“I can turn 25 or more an hour on this copy lathe,” said mill specialist Matt Saindon. “Especially with one of the more simple designs that doesn’t have many cuts. I could actually do more on a faster machine, but with this one, we’re able to better control the quality. At the end of the day, it has to pass muster.

“It takes time and patience to get the pattern piece set. I may go through three pieces of wood before I get it right. But once I’m done setting the incremental measurements, I just run from there. The bit of hand sanding I do while the piece is still spinning on the lathe makes it that much easier for the paint shop to turn out a great finished product.”

The finished products – past and present – are on display in the in-house museum. But for a demonstration, we just needed to walk next door to the tap room of Monument City Brewing.

Andy MaClellan – Assistant Brewer at Monument City Brewing – cheerfully guided us through the beer-making process. Our 20-minute tour included stops before carefully stacked kegs, steaming stainless steel vats and pallets of pleasing grains.

Penchant Pils, American Brown Ale, Battle IPA and the award-winning 51 Rye make up the core of Monument City’s product line. All are packaged in 1/2 kegs, 1/6 kegs, and 12 oz. cans. Seasonal brews include intriguing names like Among the Pines Double IPA, Crooked Window Belgian Dubbel, and Rooftop: a pineapple-mint IPA.

Monument City Brewing. (Anthony C. Hayes)

Some of the huge stainless steel tanks at Monument City Brewing. (Anthony C. Hayes)

Each brew cycle nets Monument City Brewing about 31 gallons per barrel. Owner Ken Praay later told us the company’s current output is about 3000 barrels a year.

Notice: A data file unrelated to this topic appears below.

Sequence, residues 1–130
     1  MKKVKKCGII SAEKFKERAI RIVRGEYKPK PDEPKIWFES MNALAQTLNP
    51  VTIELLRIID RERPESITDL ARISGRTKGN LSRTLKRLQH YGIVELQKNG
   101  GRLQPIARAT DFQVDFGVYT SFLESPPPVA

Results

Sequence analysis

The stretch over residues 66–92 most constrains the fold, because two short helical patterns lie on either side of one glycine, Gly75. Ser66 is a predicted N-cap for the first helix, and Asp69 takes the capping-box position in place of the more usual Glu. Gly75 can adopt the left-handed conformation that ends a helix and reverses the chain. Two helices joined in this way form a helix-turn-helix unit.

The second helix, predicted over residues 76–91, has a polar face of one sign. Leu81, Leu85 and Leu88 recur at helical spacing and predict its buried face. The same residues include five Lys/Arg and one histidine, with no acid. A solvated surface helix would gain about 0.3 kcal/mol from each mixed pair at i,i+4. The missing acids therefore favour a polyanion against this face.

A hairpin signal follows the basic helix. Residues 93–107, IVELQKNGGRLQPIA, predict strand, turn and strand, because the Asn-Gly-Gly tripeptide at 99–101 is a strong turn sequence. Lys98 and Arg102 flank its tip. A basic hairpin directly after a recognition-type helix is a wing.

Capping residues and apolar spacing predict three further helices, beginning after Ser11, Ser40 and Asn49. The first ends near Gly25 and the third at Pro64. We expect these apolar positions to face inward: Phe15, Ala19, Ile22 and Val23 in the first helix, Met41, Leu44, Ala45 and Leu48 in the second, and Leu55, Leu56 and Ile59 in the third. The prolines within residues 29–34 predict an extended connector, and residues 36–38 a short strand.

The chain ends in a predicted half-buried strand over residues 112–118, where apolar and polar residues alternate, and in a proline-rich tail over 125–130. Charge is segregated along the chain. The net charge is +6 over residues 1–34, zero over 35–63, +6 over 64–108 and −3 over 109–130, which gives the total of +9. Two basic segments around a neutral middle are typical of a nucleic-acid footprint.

Winding our way about the factory, we saw areas where new construction is taking place. MaClellan said the company will soon be adding more tanks and a canning line. At another point, we observed two brewers carefully force-carbonating the brew with a special high pressure apparatus.

Our final stop on the tour was a long, folding table, set off to the side, replete with test tubes, beakers and other laboratory equipment. MaClellan said the equipment belongs to a PhD. student from Johns Hopkins University who is working three days a week at the brewery. The student checks for crucial concerns like the yeast cell count and purity of the product while keeping a weather eye out for harmful organisms in the beer.

The beakers seemed oddly juxtaposed against the backdrop of the huge brewing vats, but they serve as a synergistic reminder that there is a real science behind the art of brewing beer.

One quick correction: the final stop for most on the tour was not the laboratory table. It was the cozy beer garden for a pint of one of Monument City’s brews.

The Tap Room is open to the public Thursday – Saturday, with Friday nights set aside for live music and food (BPE favorite Jacob Panic is appearing there tonight.) And for those interested in learning more about the art of woodturning, Mark Supik & Co. does offer classes.

Many thanks to Mark Supik & Co. and Monument City Brewing for two fascinating tours. And thanks to the Baltimore Museum of Industry for once again demonstrating that industry in Baltimore is not just a thing of the past.

Beer tap handle by Mark Supik & Co. in Baltimore (Anthony C. Hayes)

One of the more poetic beer tap handles by Mark Supik & Co. (Anthony C. Hayes)

About the author

Anthony C. Hayes

Anthony C. Hayes is an actor, author, raconteur, rapscallion and bon vivant. A one-time newsboy for the Evening Sun and professional presence at the Washington Herald, Tony's poetry, photography, humor, and prose have also been featured in Smile, Hon, You're in Baltimore!, Destination Maryland, Magic Octopus Magazine, Los Angeles Post-Examiner, Voice of Baltimore, SmartCEO, Alvarez Fiction, and Tales of Blood and Roses. If you notice that his work has been purloined, please let him know. As the Good Book says, "Thou shalt not steal." Contact the author.